You’ll need a speedlight, with a swivel head, that screws onto the hot shoe of your camera. A tilting head that moves back and forth, and up and down, will allow you to bounce your flash off walls, as well as the ceiling. This is the speedlight I’ve been using for years. It’s a total workhorse.
Here’s a speedlight for all you Nikon users. I also use Gary Fong’s collapsible speed mount lightsphere in certain situations. It’s amazing for gently dispersing the light and softening shadows, and since it’s a soft-bodied dome, it’s easily collapsible for easy storage. This lightsphere is compatible with Nikon speedlights.
Bounced lighting is soft, diffused, indirect lighting that is great for minimizing shadows, and producing flattering, natural-looking light. You’ll need an on-camera flash, at the very least, and perhaps a diffuser. Set your flash to manual mode or TTL, using light-colored walls and ceilings to bounce your light. Like any new technique, there’s a bit of a learning curve, but gradually you’ll love the results you get from bouncing your flash. I hope these flash photography tips that I’ve shared will take your images to the next level.
Do you use bounce flash? Can you offer additional tips and tricks. Let me know in the comments:)
8 thoughts on “Bounce Flash Photography Tips”
I can see that bounce flash will make an image look a lot better in certain situations and it is easy to do. I went on a photography college course for 2 years and studied studio lighting. It makes a lot of sense to bounce your flash, because it makes a difference in how the light is directed at the person or scene you’re photographing.
This is a really important topic and I am pleased you have covered it. I think when you have an image in your head of what you want it to look like, bounce flash probably achieves the required look.
Yes, you’re right Eden. Bouncing your flash does make a big difference in how your subject will look. The light is natural-looking and flattering which will paint who you are photographing in their best light.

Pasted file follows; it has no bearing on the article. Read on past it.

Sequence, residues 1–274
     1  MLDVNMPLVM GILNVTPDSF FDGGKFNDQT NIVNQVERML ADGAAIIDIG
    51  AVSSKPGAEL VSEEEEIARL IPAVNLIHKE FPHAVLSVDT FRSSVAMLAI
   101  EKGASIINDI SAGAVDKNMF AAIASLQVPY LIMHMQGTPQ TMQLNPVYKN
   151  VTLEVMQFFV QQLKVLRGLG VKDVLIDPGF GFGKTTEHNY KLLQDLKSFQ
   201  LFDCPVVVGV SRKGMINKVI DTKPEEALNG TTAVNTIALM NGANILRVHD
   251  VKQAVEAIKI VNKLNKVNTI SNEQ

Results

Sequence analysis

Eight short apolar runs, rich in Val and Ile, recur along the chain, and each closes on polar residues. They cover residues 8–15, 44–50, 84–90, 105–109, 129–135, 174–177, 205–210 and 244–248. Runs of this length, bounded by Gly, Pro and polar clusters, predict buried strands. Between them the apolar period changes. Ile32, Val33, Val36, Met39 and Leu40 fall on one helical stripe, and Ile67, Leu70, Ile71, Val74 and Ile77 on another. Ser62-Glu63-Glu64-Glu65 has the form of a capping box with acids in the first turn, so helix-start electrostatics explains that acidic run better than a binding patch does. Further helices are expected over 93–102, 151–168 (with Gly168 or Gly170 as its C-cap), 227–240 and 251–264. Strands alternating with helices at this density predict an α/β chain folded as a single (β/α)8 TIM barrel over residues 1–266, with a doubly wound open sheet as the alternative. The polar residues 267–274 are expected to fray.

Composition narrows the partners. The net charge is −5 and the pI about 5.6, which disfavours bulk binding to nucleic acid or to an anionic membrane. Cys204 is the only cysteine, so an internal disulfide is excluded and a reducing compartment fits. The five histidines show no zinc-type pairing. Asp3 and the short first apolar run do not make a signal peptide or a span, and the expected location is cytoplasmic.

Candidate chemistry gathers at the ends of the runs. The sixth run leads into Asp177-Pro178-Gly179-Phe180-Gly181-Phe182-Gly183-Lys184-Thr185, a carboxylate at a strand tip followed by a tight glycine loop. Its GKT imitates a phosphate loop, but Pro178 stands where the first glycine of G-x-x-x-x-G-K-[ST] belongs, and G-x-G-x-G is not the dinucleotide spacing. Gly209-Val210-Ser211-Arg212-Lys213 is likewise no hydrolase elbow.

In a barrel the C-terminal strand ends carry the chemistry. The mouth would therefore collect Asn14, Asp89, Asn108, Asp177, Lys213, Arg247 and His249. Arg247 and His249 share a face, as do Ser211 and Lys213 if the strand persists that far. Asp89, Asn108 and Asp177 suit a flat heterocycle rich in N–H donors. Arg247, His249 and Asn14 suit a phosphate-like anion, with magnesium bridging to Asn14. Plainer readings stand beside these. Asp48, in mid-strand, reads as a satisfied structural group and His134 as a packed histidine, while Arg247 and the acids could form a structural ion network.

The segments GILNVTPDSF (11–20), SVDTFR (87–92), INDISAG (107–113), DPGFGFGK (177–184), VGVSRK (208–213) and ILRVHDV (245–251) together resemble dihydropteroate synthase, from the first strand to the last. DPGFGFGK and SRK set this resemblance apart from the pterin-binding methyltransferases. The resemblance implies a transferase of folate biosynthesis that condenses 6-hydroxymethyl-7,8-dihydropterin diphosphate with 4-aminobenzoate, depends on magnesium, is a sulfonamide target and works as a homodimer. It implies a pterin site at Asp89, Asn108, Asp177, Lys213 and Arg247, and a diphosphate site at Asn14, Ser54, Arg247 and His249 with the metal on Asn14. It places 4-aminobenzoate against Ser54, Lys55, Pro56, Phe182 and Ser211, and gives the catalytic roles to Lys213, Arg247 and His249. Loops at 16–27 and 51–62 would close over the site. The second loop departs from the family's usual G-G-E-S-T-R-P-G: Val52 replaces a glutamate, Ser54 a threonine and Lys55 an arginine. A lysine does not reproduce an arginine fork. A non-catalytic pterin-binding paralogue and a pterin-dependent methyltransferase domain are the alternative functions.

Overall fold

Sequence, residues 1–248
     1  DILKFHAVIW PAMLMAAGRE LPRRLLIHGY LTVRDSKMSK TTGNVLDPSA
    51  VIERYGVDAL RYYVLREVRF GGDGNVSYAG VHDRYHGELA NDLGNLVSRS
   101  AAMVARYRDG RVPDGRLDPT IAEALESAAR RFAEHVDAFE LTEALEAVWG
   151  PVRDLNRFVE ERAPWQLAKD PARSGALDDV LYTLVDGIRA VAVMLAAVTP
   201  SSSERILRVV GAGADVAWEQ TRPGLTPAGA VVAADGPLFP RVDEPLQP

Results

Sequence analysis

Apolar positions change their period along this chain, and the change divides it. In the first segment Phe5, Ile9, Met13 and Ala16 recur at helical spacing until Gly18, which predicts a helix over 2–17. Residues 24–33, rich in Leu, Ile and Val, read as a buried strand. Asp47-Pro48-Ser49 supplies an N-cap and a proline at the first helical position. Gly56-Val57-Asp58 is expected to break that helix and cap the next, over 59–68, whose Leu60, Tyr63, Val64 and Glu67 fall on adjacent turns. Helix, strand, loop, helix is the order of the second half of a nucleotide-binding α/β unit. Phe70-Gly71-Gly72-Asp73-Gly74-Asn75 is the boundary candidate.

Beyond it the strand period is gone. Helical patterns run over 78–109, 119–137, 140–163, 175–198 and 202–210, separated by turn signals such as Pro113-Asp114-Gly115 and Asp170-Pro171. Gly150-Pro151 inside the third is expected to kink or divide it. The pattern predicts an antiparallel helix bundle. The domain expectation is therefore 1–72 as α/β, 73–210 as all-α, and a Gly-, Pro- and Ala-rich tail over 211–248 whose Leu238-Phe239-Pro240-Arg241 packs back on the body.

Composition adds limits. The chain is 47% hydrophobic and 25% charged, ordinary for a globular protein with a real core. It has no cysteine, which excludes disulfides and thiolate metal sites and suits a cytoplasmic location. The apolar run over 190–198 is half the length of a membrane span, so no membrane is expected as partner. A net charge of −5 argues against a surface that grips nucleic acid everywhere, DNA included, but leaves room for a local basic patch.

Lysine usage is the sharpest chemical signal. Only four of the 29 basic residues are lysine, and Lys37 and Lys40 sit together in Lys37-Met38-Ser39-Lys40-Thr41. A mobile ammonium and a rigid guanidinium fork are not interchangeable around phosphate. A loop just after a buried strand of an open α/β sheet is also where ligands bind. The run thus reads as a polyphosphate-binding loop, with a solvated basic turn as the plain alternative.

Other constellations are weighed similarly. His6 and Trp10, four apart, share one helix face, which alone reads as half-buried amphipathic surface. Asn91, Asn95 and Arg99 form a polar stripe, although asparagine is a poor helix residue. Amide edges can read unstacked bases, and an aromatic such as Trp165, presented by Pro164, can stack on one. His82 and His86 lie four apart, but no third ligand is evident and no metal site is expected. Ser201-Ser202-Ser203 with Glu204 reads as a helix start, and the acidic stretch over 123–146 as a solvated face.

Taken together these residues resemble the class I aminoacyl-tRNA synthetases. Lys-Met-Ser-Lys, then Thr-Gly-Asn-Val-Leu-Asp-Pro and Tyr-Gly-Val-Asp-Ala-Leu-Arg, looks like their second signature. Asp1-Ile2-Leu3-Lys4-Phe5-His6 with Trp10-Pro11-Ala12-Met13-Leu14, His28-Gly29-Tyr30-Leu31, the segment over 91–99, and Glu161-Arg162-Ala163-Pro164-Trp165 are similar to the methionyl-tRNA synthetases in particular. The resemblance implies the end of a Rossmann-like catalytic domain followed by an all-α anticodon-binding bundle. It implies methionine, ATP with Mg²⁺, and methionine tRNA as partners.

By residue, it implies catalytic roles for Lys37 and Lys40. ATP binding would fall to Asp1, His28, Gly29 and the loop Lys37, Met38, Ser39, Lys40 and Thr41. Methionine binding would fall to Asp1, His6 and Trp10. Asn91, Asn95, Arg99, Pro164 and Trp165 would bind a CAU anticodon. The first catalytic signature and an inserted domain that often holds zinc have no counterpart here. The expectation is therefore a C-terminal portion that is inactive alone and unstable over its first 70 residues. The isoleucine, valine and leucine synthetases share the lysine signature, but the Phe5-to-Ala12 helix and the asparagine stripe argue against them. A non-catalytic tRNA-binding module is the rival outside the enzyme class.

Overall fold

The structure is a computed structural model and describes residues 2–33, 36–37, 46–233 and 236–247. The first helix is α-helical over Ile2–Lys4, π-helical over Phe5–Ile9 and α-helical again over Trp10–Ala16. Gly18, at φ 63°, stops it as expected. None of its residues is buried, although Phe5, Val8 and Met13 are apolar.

Thank you for this great tip on making photos more rich! I love the photo of the kitchen area. It looks so deep and with beautiful contrast. I will have to remember this the next time I am taking photos of my dream house! As beautiful as it is, I can only envision it looking even more beautiful with this technique.
I do some portrait photography and typically use the TTL setting on my flash. I do, in fact, use the Speedlight for the Nikon as we use Nikon’s exclusively. (Not my choice as I do prefer the Canon, but, I use what I am allotted!)
I think the look of the bounce flash is amazing and I will be incorporating it more in my photos. Most of what I do is for the newspaper at which I work, but I could see some truly beautiful photos coming from this technique.
I do a lot of outdoor photography. Is there a place for bounce lighting outdoors? If so, how would I incorporate it?
Thank you and I am looking forward to your reply!
Thank you for taking the time to comment. The look of bounce flash is amazing. When photographing outdoors, you could bounce your flash off a reflector or a white building. Get creative and use whatever is at your disposal.
I’m just getting into photography and this seems a little too advanced for me right now, but how do you find an appropriate angle for the light to bounce off of? Is it trial and error, a guide light of some sort?
How much does the material you are bouncing the light off of matter in the amount and intensity of the light that actually hits the subject, for example would a light wood finish react the same as a light paint finish, or gloss vs matte? The article was too interesting, I’ve got questions.
Thanks for reading and commenting. The best angle would be one that casts the light into your subject’s face if you’re shooting portraiture. I’m not sure the material of the bounce source matters as much as the color. Light colors will reflect light, while dark colors absorb it. This is why bouncing a flash off a white ceiling or light-colored walls is effective.
Holly has done something quite unique with her web site. From a creative standpoint, she has quite effectively promoted her photography business while instilling a sense of curiosity to those even faintly interested in the topic. I’m a photography fan and one of my daughters and granddaughters have their own cameras and have caught the bug!
I found Holly’s web site extremely easy to navigate and she has done something else that is somewhat unusual. Her About Me spiel and her contact information are on every page and there is no mistaking that, if the viewer were even remotely interested in contacting her, it is very easy to do.
The web site has been bookmarked and I expect to revisit quite often!
Thank you Mitch. I appreciate your kind words.